This week I’m in the midst of a time travel novel, For All Time by Parris Afton Bonds published around 1992 about a 40ish widow w/children sent back in time to 1872 during a reenactment gone wrong. She is rescued by a half Irish half Indian former scout and brought back to a fort with a John Ford-esque flavor about it only grittier. Stacey is trying anything and everything to go back to her children. She is also being pursued by two men a married officer and her gr. gr. grandfather. She wants the scout but knows she can’t have him.
In the meantime I’ve also got a cookbook that I saw when watching the local Chronicle program when it was featured on the show last week. It’s titled Stuffed by Dan Whalen and on the cover is the most comfort food goodness that I’ve seen in eons. Picture a hamburger stuffed with mac and cheese topped with sliced tomatoes on a bun. Just have to make extra mac and cheese to try this bad boy out. I love when they do shows about food, travel on a tank away and guess what town this is and give clues.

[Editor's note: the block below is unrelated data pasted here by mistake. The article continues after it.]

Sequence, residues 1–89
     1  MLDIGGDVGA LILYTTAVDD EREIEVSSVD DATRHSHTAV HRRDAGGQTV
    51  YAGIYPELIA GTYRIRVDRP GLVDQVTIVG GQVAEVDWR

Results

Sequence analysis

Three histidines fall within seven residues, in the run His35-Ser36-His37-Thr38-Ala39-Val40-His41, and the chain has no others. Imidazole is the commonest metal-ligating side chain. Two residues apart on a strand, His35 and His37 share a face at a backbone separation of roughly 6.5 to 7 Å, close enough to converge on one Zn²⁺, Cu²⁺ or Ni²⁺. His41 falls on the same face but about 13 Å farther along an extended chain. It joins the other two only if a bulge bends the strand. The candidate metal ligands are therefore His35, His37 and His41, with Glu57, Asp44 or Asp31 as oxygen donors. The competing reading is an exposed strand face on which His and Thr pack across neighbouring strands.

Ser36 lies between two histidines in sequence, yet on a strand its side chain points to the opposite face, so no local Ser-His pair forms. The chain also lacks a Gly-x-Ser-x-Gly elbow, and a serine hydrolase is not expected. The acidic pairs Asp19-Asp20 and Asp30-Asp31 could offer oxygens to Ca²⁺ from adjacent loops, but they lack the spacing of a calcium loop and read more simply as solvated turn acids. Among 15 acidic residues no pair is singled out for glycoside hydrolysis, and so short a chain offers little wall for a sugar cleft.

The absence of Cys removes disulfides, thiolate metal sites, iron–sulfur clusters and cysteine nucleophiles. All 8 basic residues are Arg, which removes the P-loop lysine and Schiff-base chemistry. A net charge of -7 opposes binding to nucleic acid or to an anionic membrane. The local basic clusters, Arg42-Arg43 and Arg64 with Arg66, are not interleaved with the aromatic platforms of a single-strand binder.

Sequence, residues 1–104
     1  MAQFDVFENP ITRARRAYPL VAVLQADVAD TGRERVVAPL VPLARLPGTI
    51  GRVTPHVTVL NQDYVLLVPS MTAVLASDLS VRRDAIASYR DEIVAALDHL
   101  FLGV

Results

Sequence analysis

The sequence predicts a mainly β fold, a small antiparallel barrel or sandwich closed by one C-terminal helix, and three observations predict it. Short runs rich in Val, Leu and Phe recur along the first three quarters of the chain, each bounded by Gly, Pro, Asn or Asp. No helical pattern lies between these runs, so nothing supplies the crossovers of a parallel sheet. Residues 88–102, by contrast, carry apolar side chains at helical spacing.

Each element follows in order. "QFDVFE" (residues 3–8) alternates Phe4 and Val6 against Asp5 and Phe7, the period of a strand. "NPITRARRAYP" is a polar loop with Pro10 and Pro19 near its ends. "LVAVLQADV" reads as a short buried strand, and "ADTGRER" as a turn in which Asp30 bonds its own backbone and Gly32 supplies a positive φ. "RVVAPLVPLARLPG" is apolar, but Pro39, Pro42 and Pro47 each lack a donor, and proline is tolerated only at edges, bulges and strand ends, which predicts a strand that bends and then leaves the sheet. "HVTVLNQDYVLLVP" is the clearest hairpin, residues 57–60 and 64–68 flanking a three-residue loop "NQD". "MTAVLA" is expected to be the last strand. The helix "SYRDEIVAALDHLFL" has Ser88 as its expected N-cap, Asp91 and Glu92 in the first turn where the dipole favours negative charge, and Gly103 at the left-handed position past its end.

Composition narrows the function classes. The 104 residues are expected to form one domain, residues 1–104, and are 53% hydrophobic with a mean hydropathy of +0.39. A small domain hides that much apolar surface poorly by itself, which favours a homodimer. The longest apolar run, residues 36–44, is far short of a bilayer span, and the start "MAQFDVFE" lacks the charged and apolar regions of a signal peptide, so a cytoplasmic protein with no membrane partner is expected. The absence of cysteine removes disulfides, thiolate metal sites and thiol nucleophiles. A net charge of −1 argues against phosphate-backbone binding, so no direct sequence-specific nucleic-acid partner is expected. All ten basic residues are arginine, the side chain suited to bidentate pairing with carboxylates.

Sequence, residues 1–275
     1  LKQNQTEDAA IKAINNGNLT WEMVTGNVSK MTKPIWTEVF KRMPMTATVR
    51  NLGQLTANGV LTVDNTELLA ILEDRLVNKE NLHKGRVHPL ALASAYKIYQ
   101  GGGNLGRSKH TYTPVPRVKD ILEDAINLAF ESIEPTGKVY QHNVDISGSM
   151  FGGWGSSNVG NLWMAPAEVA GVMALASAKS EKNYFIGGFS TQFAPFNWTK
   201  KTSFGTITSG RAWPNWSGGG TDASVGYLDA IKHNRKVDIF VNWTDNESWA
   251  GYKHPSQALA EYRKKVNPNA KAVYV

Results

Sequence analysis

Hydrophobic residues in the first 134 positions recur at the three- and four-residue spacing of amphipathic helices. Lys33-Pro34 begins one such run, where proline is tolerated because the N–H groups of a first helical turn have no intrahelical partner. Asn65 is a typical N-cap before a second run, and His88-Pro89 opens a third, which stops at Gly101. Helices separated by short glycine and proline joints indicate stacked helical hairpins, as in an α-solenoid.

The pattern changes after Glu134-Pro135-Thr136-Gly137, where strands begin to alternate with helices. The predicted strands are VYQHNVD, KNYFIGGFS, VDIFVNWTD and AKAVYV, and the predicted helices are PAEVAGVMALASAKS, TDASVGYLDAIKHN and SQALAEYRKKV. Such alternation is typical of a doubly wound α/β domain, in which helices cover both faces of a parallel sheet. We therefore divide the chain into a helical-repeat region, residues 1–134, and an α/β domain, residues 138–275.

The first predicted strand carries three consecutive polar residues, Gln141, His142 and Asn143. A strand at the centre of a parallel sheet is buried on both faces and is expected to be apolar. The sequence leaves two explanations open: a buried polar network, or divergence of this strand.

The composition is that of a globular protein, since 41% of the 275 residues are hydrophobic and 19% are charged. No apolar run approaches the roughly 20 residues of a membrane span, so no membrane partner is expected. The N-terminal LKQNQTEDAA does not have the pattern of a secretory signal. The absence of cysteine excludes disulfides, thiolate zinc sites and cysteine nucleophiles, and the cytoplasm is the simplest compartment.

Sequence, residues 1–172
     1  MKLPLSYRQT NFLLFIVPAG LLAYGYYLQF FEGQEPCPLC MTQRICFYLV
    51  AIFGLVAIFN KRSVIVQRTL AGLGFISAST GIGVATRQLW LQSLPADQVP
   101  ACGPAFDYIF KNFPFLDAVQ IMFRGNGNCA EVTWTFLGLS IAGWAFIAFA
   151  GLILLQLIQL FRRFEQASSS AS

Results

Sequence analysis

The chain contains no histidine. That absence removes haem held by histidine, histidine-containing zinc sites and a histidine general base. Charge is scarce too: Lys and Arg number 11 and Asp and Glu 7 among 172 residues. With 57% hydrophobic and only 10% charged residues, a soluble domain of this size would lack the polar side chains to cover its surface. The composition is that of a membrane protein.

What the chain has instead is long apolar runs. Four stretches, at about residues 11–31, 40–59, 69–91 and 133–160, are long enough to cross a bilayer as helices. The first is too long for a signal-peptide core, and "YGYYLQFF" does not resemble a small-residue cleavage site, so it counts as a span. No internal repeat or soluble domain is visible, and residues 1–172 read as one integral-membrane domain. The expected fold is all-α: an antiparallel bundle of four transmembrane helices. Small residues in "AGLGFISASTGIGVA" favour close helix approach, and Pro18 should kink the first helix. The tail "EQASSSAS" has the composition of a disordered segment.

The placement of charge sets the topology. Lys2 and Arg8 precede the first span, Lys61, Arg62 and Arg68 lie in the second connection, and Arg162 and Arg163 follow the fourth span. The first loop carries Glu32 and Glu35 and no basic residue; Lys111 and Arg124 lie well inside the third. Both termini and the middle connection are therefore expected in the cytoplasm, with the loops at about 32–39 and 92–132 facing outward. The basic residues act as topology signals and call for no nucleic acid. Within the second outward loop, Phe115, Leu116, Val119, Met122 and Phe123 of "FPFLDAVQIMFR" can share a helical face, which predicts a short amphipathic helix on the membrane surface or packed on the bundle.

I really enjoyed the Paris Afton Bonds books when I read them years and years ago. Constance O’Day Flannery also told GREAT time travel stories.
I’m reading and recommend “The Burning Issue of the Day “(Lady Hardcastle Mystery 5) by T. E. Kinsey. It contains plenty of wit 🙂
I read What the Wind Knows, by Amy Harmon. It’s a time travel romance set in war torn Ireland around 1921. I enjoyed this author’s storytelling, the historical facts, the romance, and the unique way she handled the time travel aspects. Really recommend this one, and I found it at a good eBook price last week. I’m buying it in print for my mother.
I read and loved Where the Crawdads Sing by Delia Owens. The writing is so lush and lyrical, full of amazing descriptions of place (the coastal marshes of North Carolina). That amount of description usually isn’t my cuppa, but Owens is masterful with it and it’s an integral part of the story, never extraneous.
Also, over the past few months, due to recommendations here, I’ve read and subsequently gotten my daughter and son-in-law hooked on Jodi Taylor’s The Chronicles of St. Mary’s series, and a friend hooked on Martha Wells’s The Murderbot Diary series. It’s always exciting to share book love, so thanks for the great recs, Argh nation!
Glad to hear you enjoyed it as my book group has it on the list.